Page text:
Towards Estimating the Biogeochemical Footprint of an Offshore Windfarm

Jan Vanaverbeke1, Ulrike Braeckman2, Emil De Borger3, Ninon Mavraki4, Elise Eliane Toussaint1, Helena Voet4, Carl Van Colen2 and Steven Degraer5, (1)Royal Belgian Institute of Natural Sciences, Operational Directorate Natural Environment, Brussels, Belgium, (2)Ghent University, Marine Biology Research Group, Gent, Belgium, (3)Royal Netherlands Institute for Sea Research, Yerseke, Netherlands, (4)Royal Belgian Institute of Natural Sciences, Operational Directorate Natural Environment, Brussel, Belgium, (5)Royal Belgian Institute of Natural Sciences, Operational Directorate Natural Environment, Belgium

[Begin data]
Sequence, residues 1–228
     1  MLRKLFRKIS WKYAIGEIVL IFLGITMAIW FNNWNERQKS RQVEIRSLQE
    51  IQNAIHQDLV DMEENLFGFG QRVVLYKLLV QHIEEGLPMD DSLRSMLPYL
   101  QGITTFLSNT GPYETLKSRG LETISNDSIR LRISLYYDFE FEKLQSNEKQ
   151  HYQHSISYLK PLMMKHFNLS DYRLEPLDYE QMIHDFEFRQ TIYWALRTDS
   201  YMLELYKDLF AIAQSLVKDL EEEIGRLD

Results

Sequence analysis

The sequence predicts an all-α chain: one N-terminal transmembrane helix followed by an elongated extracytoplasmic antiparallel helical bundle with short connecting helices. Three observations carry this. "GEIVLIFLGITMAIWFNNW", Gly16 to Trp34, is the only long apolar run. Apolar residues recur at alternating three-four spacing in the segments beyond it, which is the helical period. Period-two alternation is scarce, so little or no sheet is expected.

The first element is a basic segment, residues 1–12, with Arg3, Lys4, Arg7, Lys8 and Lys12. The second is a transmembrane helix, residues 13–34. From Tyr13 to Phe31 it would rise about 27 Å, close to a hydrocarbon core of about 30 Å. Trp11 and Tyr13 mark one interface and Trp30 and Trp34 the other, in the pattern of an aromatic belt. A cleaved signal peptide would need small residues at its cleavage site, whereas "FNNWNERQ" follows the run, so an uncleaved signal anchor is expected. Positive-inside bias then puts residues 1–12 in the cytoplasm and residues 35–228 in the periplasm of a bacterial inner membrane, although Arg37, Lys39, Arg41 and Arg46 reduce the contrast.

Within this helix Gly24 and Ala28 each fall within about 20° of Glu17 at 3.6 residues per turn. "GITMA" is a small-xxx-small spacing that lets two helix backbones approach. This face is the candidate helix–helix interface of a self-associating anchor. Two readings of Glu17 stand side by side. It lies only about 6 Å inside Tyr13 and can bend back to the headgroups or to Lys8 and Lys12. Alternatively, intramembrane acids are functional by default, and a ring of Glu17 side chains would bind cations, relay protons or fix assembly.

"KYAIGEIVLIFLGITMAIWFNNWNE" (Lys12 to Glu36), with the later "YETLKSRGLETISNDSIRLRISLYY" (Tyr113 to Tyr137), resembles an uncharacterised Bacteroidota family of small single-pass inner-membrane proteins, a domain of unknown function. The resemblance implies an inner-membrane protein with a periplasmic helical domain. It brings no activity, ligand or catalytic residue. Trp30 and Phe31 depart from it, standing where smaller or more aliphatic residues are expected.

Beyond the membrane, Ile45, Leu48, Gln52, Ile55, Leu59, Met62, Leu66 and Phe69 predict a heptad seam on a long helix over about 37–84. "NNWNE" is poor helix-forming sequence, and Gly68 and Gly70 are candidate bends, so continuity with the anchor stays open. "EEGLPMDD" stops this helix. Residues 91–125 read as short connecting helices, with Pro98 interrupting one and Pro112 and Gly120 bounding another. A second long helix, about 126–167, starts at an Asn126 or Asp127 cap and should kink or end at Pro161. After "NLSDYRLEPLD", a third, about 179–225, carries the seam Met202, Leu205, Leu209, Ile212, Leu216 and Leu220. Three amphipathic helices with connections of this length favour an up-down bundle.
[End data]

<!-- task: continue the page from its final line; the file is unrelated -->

In Europe, an increasing number of offshore wind farms (OWFs) is being installed to combat climate change, resulting in local shifts in structural aspects (species, density, biomass) of biodiversity. However, there is no information available on functional changes in the marine ecosystem, hampering the assessment of the cumulative effect of multiple OWFs in larger geographical areas. The installation of wind turbines comes with a loss of soft sediment and associated ecological functioning (mineralisation of organic matter). Here, we estimated the loss and gain of ecosystem functioning related to the loss of permeable soft sediment and the increase in hard substrate due to the installation of a single wind turbine in the Belgian part of the North Sea. Closed core sediment incubations show that ammonium effluxes from the permeable sediments reach 0.44 mmol m-2 day-1, corresponding to a loss of ammonium production of 1064 mmol per day per turbine. Subsequent experiments, with the dominant fouling organism Mytilus edulis result in estimates of 1360 mmol ammonium produced per turbine per day, which is a net 28% increase. This ammonium excretion by the fauna is fuelled by their filtering activity to sustain their metabolism. Based on clearance rate experiments with dominant fouling organisms on offshore wind turbines (M. edulis, Jassa herdmani and Metridium senile), we estimate that the fouling fauna of a single turbine filters about 760000l water per day. The removed pelagic organic matter is released as faecal pellets causing an increase in organic matter and a fining of the sediments in the immediate vicinity of the turbine, with a feedback loop to decreased mineralisation efficiency due to a decreased penetration depth of advective water currents and a reduced trapping of diatoms. As such, it is clear that the installation of OWF generates functional changes to be taken into account when assessing the effect of OWFs.